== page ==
A liner is an essential part of a chimney. It is a conduit, installed inside a chimney. The materials used to build chimney liners are metal, ceramic and clay. A chimney liner contains the combustion products by releasing their effects into the atmosphere outside. This way, heat and corrosion don’t affect the walls of the chimney.
Functions of a chimney liner
A chimney liner serves a range of functions to protect the chimney. Some of those functions are thoroughly discussed below;
- Protection from heat transfer – Heat transfer can result in a combustion. An unlined chimney may cause heat to quickly move through, because of which the adjoining woodwork can catch fire in a few hours. A chimney liner is obtrusive to the transfer of heat, which reduces the possibility of a chimney fire.
- Protection from mordant byproducts – Masonry chimneys are vulnerable to corrosive effects of combustion. Allowing the flue gases to perforates the brick walls could result in the depletion of the life of the chimney. The flue gases are caustic and they can chomp the mortar joints inside the chimney.
The corrosive byproducts might cause the mortar joints inside the chimney to erode, with that the heat transfer becomes rapider and might reach adjacent combustibles. Since repairing mortar joints is not easy, you’ll never want them to undergo erosion.
- Increase appliance efficiency – Appliance efficiency depends on the size of the flue. A liner can ensure the chimney sweeping equipment will work with maximum efficiency. A wood stove or an oil furnace requires the flue to have an optimum size in order for it to render smooth performance.
The chimney draft might supply combustion air to the appliances. If the liner is not sized correctly, then it may lead to an excessive amount of creosote buildup in the wood stove, making the cleaning work difficult for the cleaning appliances.
Types of chimney liner
Chimney liners are categorised in terms of the materials, used to build them. There are three main types of liners; metal, cast-in-place and clay tiles.
- Metal liners: When metal is used as the building material for chimney liners, the purpose is normally to upgrade and repair an existing chimney. Metal liners are U.L. tested. If they are installed and maintained accurately, they ensure durability and safety.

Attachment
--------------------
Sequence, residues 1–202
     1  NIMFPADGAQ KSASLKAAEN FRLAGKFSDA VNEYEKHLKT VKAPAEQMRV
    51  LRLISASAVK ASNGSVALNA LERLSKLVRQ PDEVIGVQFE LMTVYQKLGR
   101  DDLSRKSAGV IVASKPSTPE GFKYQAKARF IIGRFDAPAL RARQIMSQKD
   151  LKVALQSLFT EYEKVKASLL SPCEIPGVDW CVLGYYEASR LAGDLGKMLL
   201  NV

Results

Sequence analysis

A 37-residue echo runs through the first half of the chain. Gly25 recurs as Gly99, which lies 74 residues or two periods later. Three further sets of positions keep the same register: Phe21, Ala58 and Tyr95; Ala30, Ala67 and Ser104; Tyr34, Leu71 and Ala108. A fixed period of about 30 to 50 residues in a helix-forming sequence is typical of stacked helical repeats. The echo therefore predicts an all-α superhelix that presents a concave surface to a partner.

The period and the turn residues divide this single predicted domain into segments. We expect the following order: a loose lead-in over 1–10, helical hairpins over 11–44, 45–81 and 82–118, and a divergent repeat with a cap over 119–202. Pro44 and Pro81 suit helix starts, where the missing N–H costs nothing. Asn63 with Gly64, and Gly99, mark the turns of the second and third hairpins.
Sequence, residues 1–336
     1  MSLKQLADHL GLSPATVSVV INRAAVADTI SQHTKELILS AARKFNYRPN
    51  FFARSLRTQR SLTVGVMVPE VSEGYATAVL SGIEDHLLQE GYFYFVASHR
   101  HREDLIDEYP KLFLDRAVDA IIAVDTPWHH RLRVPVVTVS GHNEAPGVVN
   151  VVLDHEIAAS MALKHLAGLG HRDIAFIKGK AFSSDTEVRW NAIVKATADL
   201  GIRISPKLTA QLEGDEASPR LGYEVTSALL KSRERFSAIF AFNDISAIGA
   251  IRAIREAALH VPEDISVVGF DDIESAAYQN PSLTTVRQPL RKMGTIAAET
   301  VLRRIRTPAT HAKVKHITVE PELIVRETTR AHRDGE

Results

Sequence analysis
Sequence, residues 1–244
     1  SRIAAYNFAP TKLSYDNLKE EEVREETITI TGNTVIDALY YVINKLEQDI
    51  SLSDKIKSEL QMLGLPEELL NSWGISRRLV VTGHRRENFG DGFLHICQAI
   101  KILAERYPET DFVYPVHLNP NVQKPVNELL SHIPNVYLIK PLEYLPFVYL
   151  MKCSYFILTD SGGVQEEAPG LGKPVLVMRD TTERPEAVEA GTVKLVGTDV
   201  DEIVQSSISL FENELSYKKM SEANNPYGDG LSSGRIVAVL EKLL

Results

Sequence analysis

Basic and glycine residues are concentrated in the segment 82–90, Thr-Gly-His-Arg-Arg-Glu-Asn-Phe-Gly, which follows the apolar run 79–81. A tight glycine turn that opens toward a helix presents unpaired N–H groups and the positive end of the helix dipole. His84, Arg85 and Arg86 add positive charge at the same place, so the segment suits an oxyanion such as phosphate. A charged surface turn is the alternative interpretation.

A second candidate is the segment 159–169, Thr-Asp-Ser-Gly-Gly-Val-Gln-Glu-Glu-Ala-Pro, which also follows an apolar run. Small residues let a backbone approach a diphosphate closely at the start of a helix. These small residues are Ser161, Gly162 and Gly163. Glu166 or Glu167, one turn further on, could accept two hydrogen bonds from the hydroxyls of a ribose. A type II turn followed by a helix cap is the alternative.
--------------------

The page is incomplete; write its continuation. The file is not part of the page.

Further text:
You might wonder why you need a stainless steel liner. Such liners are suitable for fuels such as wood and oil. Aluminum is an alternative to stainless steel, but a liner made of aluminum is only suitable for gas application fuels.
- Cast-in-place liners: Cast-in-place liners are made by cement like products – they are lightweight and easily castable. The benefit of installing a cast-in-place liner is the formation of a smooth and insulated aisle through which flue gases can pass. A new chimney doesn’t require a cast-in-place liner; aging chimneys require them to maintain their structural integrity.
- Clay tiles liners: Chimney liners made of clay tiles are the most common among all types of chimney liners. The biggest advantage of a clay tile liner is cost-effectiveness. Ease of availability and installation are two other advantages. But alongside these advantages, clay tile liners have some demerits as well. The first is clay tile liners cannot quickly soak up and uniformly distribute heat when the temperature suddenly rises during a chimney fire.
- Easy flex liners: This liner type is found in most relined chimneys. It is lightweight and easy to install. The lifetime warranty of easy flex liners is the same as heavy flex and rigid liners. Easy flex liners are UL-Listed and come in different sizes and shapes.
- Heavy flex liners: Such liners are designed to tolerate extremely harsh situations due to the burning of solid fuel such as wood or coal. Sweeps can clean these liners with toughest wire brush. Heavy flex liners are recommended for straight chimneys.
- Rigid liners: Such liners are durable and their inside walls are pretty smooth. It’s difficult for creosote to infiltrate into them. They can tolerate situations harsher than heavy-flex liners.
Fitting a chimney liner
Many homeowners find the task of fitting a liner difficult. That’s because the size of the liner often doesn’t suit the chimney. A liner sized 6-inches doesn’t fit tight chimneys. So the size of the liner must be apt. If you go for DIY, make sure you don’t have acrophobia. To ease the installation, a homeowner may use scaffolding and a cat ladder.
Get rid of unlined chimneys
If you have an unlined chimney, then it’s high time for you to install a liner. By installing it, you can keep the dangers of fire and combustion at bay. Consult a professional chimney sweep or flue liner installer, so he inspects your home and delivers you the best advice.
About the author:
Adrice White is an experienced Chimney sweep in Hadlow, Kent, TN11. He takes an interest in writing articles on smokestack cleaning. He has been in this field for the last 10 years. You can avail more information about Chimney sweep Tunbridge Wells from his recent articles and blog posts.